“A bird does not sing because it has an answer, it sings because it has a song.”
HEALTHCARE NOTE: Today is the day I am again scheduled to begin radiotherapy for my cancer and in the next few days I will share updates here while spending 4 nights a week in the big city of San Jose, Costa Rica every week for 6 weeks.
And of course this is just one of the many birds who have brought hope to my terrace here in Atenas, Costa Rica – A Keel-billed Toucan in my Cecropia Tree (link to my Keel-billed Gallery). There is hope that the big rich nations are waking up to global warming and their long-time destruction of our planet. And there’s hope in the battle against my destructive cancer. Below is my update of activities that finally make it possible to begin Radiotherapy Monday.
Second Covid Shot this Morning
Quick and painless. I walk into the temporary vaccination clinic ahead of my 8 AM appointment, paperwork done quickly with shot even quicker and I was out of there before my appointment time. 🙂 I walked home, having taken a taxi to the clinic. With my knee no longer hurting I’m back into walking more and hopefully every day during radiation, though I will have to wear the big wide-brimmed hat they tell me! I must avoid sun during radiation.
Tomorrow Morning Stitches Removed
Tomorrow (Friday) morning at 9 AM I see my Ophthalmologist in San Jose who will remove the two stitches from my left eyelid and supposedly this is going too help me use my left eye for longer periods of time without an eye patch. So far I’ve gone up to 6 to 8 hours at a time without covering it. Reading tires it out more than general activities like kitchen work or even a little TV. I seldom watch more than an hour a day, if that much. For Earth Day I found a special on the internet streaming channel Curiosity Stream for wonderful nature documentaries and signed up for a year at just $10 or $2 more than one month of Netflix here. I will probably drop Netflix again. Seen all their documentaries I care about and the rest is mostly junk.
Got off subject there! 🙂 I assume the eyelid will stay partly closed now when the stitches are removed since she did something to make the top and bottom grow together at one corner. But, FYI, my left eyelid will never blink again or fully close.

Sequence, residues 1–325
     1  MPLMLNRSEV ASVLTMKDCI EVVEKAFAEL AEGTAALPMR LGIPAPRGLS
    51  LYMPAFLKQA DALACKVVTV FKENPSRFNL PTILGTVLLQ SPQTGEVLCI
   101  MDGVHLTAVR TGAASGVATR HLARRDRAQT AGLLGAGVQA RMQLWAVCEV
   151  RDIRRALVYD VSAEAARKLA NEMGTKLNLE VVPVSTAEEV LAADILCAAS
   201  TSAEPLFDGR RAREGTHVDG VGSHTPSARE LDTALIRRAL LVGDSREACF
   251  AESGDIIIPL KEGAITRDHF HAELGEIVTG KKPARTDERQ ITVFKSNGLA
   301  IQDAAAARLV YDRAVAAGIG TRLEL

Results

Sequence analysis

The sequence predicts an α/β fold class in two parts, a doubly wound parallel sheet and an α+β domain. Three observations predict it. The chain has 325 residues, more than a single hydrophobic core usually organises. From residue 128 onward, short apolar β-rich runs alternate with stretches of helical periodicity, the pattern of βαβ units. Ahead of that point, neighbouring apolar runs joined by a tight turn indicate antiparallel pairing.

UPDATE: 23 April – She did not remove the stitches today. She first said she would remove just 2 of the 3, leaving one to help protect from radiation. But because she used nothing for pain, I flinched and she said she would not remove them at all for now, saying I have a “low tolerance for pain” and I think she has a low sympathy level! 🙂 She was also very painful to me at beginning of surgery. So now she will wait until after radiotherapy and try again in June. Hmmm. 🙂 Permanent stitches? — But the Good News: both eyes are doing very well and she is pleased with the surgery results. I’m already using my left eye more than 6 to 8 hours a day, so progress even if I have a low pain tolerance! 🙂
Radiation Starts Monday
This coming Monday, 26 April, I get my first radiotherapy in San Jose and daily Monday to Friday for six weeks or through June 4. They were not comfortable with all these other overlapping medical appointments plus needed the time this week to prepare for my targeted treatments. She is studying all the reports on both of my left cheek surgeries, the earlier “skin cancer” one and the big one March 15 including biopsies, etc. to help her target all remaining bits of possible cancer. My future is sort of in her skilled hands. 🙂 Dr. Bonilla is both an oncologist and radiologist and my surgeon says the best here.
I’m still bargaining with hotels near the radiation center but hoping for the Best Western with four nearby restaurants and hope to schedule that today. I plan to spend Monday to Thursday nights there and back in Atenas Friday-Sunday nights. I will be giving regular updates from San Jose starting next week which I hope will be interlaced with some nature reports also! 🙂
Looking out of my living room front window during a hard rain today (so glad rainy season is here!), the big tree is a Strangler Fig Tree with an unknown smaller one beside it plus a strangled one and then on this side is the tall, skinny Ylang-ylang Tree still growing up through the canopy of the larger trees. And all much wetter than the photo shows! 🙂 See also my May 11 “Rain Trees” post for a different look at wet trees! 🙂